Musing about Cash for Clunkers and our economy
I just heard a radio commercial made by Milwaukee icon Ernie Von Schledorn, where he says something like, The government is going to give you money for your clunker.
Ah, how easily we are entranced by the prospect of getting "free" money from the government as if it has no cost. I wonder how much we would embrace the program if all commercials advertising Cash for Clunkers would have to say, You taxpayers are giving these buyers $3,500 to $4,500 to turn in their old heap and buy a new car.
The government allotted $1 billion for the original Cash for Clunkers. In very rounded numbers, if we divide that number by number of taxpaying returns -- about 100 million -- we get roughly $10 per average taxpayer.
According to CBS News, the House just passed adding an additional $2 billion into the program! The Senate is to take up the measure next week.
That additional $2 billion would generate another $20 tax liability for those of us who actually pay taxes.
If the additional funding passes, and why wouldn't it, this President and Congress spend money like water, the total Cash for Clunkers tax liability would be $3 billion dollars. That is $3,000,000,000 or $30 per taxpayer return. (The $30 is an averaged number. None of these figures include the interest.)
One way to know if a program is really a good idea is to ask yourself, would I give a total stranger $30 in order to help them buy a new car? (I am a taxpaying household.) Would you even give them $10? I wouldn't.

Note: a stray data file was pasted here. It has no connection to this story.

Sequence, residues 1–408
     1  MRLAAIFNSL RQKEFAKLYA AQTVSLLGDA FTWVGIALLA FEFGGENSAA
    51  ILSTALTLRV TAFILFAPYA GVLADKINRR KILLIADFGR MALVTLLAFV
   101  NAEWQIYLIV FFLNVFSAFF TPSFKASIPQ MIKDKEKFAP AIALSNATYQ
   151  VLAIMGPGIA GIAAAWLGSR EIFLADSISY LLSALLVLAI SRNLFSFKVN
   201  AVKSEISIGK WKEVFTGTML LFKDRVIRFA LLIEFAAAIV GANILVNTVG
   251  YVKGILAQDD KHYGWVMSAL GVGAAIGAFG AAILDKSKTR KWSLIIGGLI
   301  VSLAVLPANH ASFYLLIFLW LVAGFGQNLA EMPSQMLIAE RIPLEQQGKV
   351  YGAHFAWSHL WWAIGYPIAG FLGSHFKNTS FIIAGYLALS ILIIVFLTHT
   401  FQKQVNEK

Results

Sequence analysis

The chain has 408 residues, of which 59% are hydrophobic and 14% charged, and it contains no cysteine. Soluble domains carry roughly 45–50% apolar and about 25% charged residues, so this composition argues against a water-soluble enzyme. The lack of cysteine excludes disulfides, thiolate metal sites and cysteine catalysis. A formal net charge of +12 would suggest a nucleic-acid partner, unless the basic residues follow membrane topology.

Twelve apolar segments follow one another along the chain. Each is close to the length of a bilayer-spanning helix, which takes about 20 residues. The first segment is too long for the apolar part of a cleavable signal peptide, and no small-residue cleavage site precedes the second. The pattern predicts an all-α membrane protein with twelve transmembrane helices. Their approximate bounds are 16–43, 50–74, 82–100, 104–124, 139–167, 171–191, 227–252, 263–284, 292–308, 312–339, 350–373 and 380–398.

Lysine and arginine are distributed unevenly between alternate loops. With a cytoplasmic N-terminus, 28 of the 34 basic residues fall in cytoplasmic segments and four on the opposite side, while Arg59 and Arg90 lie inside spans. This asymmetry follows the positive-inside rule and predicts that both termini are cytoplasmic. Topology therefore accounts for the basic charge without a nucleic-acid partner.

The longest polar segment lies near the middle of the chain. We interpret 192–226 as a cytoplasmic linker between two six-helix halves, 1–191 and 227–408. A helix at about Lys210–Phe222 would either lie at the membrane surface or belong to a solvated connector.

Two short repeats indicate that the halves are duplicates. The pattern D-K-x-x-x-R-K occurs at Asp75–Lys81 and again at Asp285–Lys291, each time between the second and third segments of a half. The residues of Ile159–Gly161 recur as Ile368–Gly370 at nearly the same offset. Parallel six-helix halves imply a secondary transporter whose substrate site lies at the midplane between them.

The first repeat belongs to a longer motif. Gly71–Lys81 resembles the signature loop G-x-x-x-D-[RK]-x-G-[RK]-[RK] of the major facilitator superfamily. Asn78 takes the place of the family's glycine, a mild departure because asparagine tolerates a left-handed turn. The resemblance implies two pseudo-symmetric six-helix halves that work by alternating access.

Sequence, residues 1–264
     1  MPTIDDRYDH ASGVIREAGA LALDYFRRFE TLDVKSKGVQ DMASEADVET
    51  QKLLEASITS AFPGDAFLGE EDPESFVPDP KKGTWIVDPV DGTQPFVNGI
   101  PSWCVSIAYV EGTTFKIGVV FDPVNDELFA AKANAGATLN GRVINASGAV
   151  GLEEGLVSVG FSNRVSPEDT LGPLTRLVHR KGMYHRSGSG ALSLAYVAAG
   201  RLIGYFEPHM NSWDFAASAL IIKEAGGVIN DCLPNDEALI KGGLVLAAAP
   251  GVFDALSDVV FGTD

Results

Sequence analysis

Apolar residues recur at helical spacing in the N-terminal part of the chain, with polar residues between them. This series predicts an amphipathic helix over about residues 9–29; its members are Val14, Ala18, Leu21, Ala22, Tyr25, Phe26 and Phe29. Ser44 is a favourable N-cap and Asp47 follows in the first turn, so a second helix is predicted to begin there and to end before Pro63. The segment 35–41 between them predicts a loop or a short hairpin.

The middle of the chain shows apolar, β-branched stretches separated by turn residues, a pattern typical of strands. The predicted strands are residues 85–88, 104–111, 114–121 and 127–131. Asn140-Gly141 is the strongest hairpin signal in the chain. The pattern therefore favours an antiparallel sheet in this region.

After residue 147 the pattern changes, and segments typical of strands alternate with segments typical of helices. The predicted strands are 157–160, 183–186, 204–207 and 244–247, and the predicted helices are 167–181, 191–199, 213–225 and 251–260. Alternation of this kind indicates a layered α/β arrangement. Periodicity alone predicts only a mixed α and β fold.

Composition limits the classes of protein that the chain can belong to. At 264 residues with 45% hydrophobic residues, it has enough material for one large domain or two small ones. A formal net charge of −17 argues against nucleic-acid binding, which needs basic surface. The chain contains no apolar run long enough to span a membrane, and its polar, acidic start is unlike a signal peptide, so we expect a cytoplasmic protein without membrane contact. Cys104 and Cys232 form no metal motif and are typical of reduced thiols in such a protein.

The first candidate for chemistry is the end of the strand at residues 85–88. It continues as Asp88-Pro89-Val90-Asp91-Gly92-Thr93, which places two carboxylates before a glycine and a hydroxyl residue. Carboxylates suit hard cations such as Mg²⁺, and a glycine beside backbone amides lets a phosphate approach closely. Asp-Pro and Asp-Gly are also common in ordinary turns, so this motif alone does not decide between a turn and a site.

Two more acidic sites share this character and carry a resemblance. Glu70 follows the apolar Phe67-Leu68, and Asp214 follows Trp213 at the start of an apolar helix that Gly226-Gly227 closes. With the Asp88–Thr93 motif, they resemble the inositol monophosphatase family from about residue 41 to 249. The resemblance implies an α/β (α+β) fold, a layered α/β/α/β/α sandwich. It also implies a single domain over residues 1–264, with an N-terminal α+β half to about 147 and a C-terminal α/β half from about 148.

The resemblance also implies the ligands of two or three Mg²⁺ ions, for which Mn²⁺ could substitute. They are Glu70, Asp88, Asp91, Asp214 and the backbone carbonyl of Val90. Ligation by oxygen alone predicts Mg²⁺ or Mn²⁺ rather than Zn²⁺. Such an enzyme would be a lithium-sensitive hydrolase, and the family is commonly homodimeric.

I suspect you wouldn't either.
Another thought: Considering that all these clunker chuckers now have to buy a new car, is our economy sluggish because people don't have the money to spend or because they don't have enough faith in our economy to part with their money? Obviously, getting up to $4,500 in "free" money has nudged these reluctant consumers into the buy column.
We don't know the long term consequences of this program. I have to think it will take a fair amount of affordable cars off the market, the cars that lower income families and college students depend on for their transportation needs. On the positive side, the automotive industry is at last making some sales.
Although I am not in favor of deficit spending to stimulate the economy, is anyone wondering what a plain old stimulus check paid directly to taxpaying Americans would have done to stimulate the economy instead of the $787 billion dollar pork laden one we were saddled with?
More reading: Aug. 4, Obama administration withholds data on clunkers: 6 out of 10 vehicles purchased are Honda, Toyota and Hyundais.
Heritage Foundation Cash for Clunkers, A Case Study in Why Obamanomics is Failing
Dealers Race to Get Their Clunkers Crushed
New Cash Steered to Clunkers